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Snippet Contents:

I am glad to contribute to the debate on the Finance Bill, which is effectively the implementation of measures in the budget. It is interesting to see that none of the opposition parties is represented here now. Maybe that is an indication that they are conceding that the budget was an excellent one.
I welcome many of the measures, which, for the first time in five years, demonstrate that there is some light at the end of the tunnel for those people who have sacrificed so much on the back of difficult decisions that had to be taken by this Government after our economic sovereignty was surrendered in 2010 following the boom-bust cycle of the noughties.
Many of the measures, particularly the removal of another 80,000 people from the USC and the reduction of USC rates for those on lower incomes, are very much to be welcomed. I assume and hope that that will continue and that there will be greater measures in budget 2016.
In addition, child benefit measures and the partial restoration of the Christmas bonus provide a welcome signal to vulnerable people on low pay. The restoration of Garda recruitment and the replacement of Garda vehicles are also welcome budgetary steps. Garda recruitment ended in 2010, but it is now up and running again so that crime can be tackled with a consequent reduction in crime figures. New Garda vehicles are badly needed because the mobility of criminals and the types of crimes they commit must be combated.
In the education sector, the budget will provide for 900 extra classroom teachers, 480 resource teachers and 365 special needs assistants. These posts are necessary to maintain the pupil-teacher ratio at its present level. Education is a crucial pillar of our economy and is the reason we have been attracting so much inward investment in recent times. That needs to continue into the future.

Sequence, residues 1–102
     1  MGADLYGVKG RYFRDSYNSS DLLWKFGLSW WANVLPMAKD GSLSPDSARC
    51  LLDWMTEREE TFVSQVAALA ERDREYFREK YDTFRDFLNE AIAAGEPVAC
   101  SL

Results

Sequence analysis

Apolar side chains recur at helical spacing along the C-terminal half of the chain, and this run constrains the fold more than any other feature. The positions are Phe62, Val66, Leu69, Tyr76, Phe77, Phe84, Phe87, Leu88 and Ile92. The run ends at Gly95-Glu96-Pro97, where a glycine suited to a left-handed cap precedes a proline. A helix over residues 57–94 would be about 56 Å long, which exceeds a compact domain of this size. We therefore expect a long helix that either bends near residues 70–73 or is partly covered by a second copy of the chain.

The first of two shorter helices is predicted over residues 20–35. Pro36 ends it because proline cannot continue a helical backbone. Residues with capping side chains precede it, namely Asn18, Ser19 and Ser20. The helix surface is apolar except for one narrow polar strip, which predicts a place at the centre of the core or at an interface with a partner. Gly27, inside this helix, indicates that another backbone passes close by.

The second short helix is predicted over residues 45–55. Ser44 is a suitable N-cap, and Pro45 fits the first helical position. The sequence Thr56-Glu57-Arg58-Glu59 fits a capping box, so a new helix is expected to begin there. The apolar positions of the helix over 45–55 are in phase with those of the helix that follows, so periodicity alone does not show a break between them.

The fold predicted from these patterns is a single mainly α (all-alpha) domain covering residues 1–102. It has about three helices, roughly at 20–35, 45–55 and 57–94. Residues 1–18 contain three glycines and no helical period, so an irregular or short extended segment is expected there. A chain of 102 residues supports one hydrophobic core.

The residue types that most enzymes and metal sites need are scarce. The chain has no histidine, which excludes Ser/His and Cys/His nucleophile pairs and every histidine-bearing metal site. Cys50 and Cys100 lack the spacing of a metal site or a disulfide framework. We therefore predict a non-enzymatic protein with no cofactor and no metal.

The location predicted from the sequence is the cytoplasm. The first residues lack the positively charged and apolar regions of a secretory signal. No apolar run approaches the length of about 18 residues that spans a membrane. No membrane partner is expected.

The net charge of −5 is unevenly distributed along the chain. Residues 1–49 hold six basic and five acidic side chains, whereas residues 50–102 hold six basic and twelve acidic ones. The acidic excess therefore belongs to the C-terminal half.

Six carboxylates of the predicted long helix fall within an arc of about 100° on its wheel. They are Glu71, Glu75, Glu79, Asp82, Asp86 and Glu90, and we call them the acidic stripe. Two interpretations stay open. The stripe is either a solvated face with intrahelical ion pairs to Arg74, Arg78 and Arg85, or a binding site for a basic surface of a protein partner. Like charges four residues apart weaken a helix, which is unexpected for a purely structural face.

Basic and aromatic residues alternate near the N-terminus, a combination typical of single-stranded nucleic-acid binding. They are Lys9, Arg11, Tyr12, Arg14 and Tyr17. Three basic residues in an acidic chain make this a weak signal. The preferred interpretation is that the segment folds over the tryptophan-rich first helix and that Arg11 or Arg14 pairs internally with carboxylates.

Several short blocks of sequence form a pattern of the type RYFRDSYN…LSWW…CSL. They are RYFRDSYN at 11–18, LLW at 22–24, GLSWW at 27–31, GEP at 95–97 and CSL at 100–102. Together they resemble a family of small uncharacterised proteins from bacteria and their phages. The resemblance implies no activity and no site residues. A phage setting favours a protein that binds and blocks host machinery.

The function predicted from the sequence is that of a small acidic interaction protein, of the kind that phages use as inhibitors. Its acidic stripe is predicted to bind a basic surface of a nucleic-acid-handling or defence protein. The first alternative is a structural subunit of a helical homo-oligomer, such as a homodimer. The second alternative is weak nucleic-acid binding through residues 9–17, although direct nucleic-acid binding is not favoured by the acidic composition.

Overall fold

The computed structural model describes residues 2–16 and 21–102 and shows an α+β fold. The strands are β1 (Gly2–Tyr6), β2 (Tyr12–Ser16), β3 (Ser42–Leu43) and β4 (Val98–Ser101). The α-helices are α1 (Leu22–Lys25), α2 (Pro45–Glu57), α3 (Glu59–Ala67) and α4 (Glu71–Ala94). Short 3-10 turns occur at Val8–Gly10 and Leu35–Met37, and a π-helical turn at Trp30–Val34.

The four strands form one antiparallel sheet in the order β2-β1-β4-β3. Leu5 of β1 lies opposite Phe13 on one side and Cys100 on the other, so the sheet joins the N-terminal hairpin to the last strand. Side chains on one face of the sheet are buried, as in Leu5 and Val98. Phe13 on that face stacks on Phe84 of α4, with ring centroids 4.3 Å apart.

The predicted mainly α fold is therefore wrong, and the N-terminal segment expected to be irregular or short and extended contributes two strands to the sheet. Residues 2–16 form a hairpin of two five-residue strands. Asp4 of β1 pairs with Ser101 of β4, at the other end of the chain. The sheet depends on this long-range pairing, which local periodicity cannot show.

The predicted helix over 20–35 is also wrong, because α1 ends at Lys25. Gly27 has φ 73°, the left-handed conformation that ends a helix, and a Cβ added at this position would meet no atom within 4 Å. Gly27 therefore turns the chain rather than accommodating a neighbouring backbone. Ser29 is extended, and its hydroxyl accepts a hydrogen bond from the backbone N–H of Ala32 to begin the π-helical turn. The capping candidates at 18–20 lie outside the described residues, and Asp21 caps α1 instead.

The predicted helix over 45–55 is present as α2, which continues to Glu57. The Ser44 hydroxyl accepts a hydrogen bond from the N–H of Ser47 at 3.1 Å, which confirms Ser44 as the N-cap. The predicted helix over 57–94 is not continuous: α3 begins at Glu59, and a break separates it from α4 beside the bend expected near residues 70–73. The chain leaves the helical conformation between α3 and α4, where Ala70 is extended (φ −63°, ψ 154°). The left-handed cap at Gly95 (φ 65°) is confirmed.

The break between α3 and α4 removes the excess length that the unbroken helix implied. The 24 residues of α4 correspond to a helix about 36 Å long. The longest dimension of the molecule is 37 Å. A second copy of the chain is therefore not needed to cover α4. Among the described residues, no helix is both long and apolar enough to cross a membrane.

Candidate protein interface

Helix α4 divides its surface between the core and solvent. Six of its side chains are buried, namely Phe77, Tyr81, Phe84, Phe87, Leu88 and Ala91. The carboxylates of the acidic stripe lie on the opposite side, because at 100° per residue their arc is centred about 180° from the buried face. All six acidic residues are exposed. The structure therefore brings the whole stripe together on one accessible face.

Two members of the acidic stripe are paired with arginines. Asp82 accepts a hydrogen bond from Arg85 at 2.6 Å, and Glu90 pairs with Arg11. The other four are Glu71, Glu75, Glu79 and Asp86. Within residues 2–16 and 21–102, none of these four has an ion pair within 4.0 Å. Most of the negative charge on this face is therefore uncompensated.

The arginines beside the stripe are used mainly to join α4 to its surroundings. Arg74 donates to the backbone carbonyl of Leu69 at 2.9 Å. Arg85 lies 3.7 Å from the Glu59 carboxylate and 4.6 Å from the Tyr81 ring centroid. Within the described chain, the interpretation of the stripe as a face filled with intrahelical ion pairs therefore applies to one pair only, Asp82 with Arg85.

Measured supports for home refurbishment, which were announced in last year's budget, have now been expanded. This is a boost for employment in the construction sector which is spread throughout the regions. It is important that construction is not confined to the major urban centres. The recovery is evident in the main cities, but not so in regional areas. These measures will help to achieve that spread, however, as well as supporting employment in the construction sector. In addition, they will help businesses that are tax-compliant while restricting the black economy.
The introduction of a 9% VAT rate a few years ago when the Government first took office has been one of the success stories and has created thousands of jobs. Such jobs in the tourism and hospitality sector are spread throughout the country. Improved and targeted marketing by Fáilte Ireland and Tourism Ireland has been very visible on the ground this year, particularly in the Mayo constituency that I represent, with the Wild Atlantic Way. Various targeted marketing concepts mean that employment is being spread throughout the country. That was badly needed and is thus very welcome.
One factor needs to be noted, however, given the return to growth in the tourism sector. The 9% VAT rate is there to support tourism, so that sector should not take advantage of increased visitor numbers - which are now back up to 2007 levels - by raising prices and thus becoming uncompetitive. The Government has done its part but the tourism sector must continue to take the opportunity without exploiting tourists.
In my region, Ireland West Airport Knock had its busiest ever year, with more than 700,000 passengers, including more than 100,000 in August alone. This emphasises the crucial importance of the facility.